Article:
For example if you search on the phrase “Buffalo NY Diamonds” it surfaces a second listing for a local jeweler at the same address that was created long ago for the purpose of keyword spamming ”marketing” in local. The problem of Google showing a single branded results was first spotted years ago. It subsequently lead to a spate of one box spam and then, for the most part, squelched by Google. For whatever reason, these spammy local knowledge graph entities seem to have made a come back.

The timing and nature of the results makes me believe that we are seeing “the Hummingbird effect”.

Screen Shot 2013-09-28 at 9.36.57 AM

When was the last time that you saw a local result for a spammy local SEO listings? The answer: December, 2009. They seem to have returned.

Screen Shot 2013-09-28 at 9.50.32 AM Continue reading

Local U Advanced NYC Sold Out


Local-Advanced-U_180x70Apparently we have sold the last seat to the Local U Advanced session in NYC. We will be holding another advanced event in Valley Forge, Pa next March 7 & 8th. Let us know if you want details. Thanks to all for your support of this event

We will be announcing our (very busy) winter & spring speaking schedule shortly and it looks like we will be in Dallas, Springfield (MA), Valley Forge, Harrisburg and hopefully the Cupertino area (and perhaps a few more places as well). We are now scheduling for May and the fall of 2014 so if you are interested in having us come to your city, let us know.

We hope to have our full video tape of the LocalU advanced session in Seattle available for purchase shortly and some other cool content as well. We will keep you posted.

LocalU Odds and Ends


Local-Advanced-U_180x70Lot’s has been happening at LocalU. We have an advanced LocalU coming up Monday in NYC that has just 5 seats left. If you do sign up be sure to use the discount code WS-LUA10 for 10% off. If you are already signed up be sure to reach out to me and introduce yourself.

We will be announcing our (very busy) winter & spring speaking schedule shortly and it looks like we will be in Dallas, Springfield (MA), Valley Forge, Harrisburg and hopefully the Cupertino area (and perhaps a few more places as well). We are now scheduling for May and the fall of 2014 so if you are interested in having us come to your city, let us know.

We hope to have our full video tape of the LocalU advanced session in Seattle available for purchase shortly and some other cool content as well. We will keep you posted.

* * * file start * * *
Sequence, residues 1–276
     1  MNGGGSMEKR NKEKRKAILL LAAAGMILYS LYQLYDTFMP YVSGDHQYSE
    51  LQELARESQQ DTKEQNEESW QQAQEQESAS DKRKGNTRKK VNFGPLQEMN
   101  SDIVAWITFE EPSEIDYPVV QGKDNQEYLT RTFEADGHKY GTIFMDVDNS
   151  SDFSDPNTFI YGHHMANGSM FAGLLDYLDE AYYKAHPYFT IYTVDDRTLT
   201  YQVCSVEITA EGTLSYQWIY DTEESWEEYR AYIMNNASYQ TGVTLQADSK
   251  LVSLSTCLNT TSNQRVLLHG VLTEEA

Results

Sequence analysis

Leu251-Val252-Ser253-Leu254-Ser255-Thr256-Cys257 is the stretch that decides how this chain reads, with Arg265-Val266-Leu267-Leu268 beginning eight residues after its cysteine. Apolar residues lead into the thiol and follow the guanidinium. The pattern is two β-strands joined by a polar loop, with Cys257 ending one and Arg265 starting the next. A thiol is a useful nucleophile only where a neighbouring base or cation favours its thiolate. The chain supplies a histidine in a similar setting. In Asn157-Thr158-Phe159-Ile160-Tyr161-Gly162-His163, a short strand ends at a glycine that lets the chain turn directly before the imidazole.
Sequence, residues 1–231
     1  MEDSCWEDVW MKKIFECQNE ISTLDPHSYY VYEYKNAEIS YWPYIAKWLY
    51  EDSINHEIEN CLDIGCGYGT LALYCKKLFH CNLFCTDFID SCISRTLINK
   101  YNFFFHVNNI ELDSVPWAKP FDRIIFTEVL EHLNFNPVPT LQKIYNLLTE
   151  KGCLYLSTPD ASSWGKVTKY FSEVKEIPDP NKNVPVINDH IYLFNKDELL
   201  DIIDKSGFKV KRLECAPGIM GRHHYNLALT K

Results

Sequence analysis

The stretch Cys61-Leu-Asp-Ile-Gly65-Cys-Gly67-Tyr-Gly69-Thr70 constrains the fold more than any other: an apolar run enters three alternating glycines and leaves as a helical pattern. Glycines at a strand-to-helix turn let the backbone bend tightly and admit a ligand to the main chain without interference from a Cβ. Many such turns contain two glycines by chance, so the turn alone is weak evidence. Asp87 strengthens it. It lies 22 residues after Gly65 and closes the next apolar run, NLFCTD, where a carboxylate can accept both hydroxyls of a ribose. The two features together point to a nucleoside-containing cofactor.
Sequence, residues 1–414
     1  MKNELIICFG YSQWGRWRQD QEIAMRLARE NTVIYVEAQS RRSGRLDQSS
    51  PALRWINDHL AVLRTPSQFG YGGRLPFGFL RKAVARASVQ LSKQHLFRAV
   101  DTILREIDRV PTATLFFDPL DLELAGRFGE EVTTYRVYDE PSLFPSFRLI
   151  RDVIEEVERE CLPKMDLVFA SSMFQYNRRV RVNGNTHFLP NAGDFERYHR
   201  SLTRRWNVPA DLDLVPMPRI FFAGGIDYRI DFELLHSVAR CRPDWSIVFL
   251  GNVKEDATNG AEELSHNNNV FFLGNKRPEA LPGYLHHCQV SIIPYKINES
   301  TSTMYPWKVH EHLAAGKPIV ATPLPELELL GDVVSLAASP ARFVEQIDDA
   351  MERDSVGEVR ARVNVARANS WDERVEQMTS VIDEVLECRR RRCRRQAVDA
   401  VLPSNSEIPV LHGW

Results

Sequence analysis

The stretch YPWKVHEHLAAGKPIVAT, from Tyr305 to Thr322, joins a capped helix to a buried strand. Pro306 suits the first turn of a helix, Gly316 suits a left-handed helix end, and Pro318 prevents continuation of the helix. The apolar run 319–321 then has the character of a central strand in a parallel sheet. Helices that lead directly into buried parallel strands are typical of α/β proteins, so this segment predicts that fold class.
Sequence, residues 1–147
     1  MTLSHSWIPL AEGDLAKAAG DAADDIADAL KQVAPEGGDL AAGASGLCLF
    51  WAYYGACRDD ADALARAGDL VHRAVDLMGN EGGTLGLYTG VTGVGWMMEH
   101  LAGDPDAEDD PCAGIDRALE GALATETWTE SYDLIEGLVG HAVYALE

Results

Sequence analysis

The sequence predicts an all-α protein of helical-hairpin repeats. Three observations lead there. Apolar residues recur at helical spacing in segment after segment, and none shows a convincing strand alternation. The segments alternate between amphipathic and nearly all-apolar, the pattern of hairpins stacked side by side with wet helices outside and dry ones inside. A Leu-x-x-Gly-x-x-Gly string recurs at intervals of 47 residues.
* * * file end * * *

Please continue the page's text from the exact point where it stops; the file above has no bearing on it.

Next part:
We have been busy at the LocalU blog as well with some great articles over the past few months that you might have missed:

Where Should a New Business Create a Listing: Google+ Page or Google Places for Business Dashboard? - Mike Blumenthal

The Real Truth About SEO & Call Tracking - Mary Bowling

Is Your Website Ready for the Holidays? - Mary Bowling

What Kind of Google+ Page Is It? – A Visual Guide to Google+ Local Pages - Mike Blumenthal

How Long Should Your Business Description Be in the Google Places for Business Dashboard? - Mike Blumenthal

Have You Tried Google Support for Local Lately? - Mary Bowling

How To Segment Local Search In Google Analytics (with Free Dashboard!) - Ed Reese (I particularly like the free dashboard that Ed created that gives some incredible insights into where your local visitors are coming from. And what is better than free?).

There will be light postings next week due to travel. I hope to see you in NYC next week.

 

 

New Countries Added to Places for Business Category Tool – Volunteers Needed


google-places-iconWe have just upgraded the Google Places Category tool with categories for the new dashboard from:
UK - United Kingdom contributed by Andrew Loy, Occupancy Marketing
NL  - Netherlands contributed by Eduard de Boer
FR  - France contributed by Ken Fagan
Aus  - Austria contributed by Petra Kraft
IT - Italy contributed by Andrea Scarpetta
CA - Canada contributed by Darren Shaw

Norway has been contributed by Aleksander Steinsvik, Crosspath Media but is not yet loaded.

Here are the countries that have been added to the new dashboard for which I do not yet have categories and am asking for volunteers:

Argentina Liechtenstein
Brazil Malaysia
Bulgaria Mexico
Chile Pakistan
Colombia Poland
Croatia Romania
Egypt Russia
Finland Saudi Arabia
Greece Singapore
Hong Kong Slovakia
Hungary South Africa
India Switzerland
Indonesia Taiwan
Israel the Philippines
Japan Ukraine
Kenya United Arab Emirates
Korea

If you would like your 15 seconds of fame and a link and live in one of the above countries here are the instructions to gather the categories from the new dashboard (obviously I wold appreciate it if you sent them along):

Continue reading

Google Becoming Slightly More Transparent About Nuking Reviews


Update 9/28: I had myself taken off as a manager of Barbara’s page and my review instantly lost the notice and showed back up on the listing.

Historically at Google Local, if a review triggered the spam filter, the reviewer would still see the review associated with the business if they were logged in and other users would not. The reviewer would have no clue as to why the review wasn’t showing.

This “technique” for handling “spammy” reviews led to many, many posts in the forums inquiring about why a given review wasn’t showing. Google has now implemented at least a modicum of communication in this regard and is tagging flagged reviews with an alert.

Screen Shot 2013-09-24 at 10.51.31 AM

Is this enough communication and enough transparency? I would suggest that while it is better than before it still misses the mark.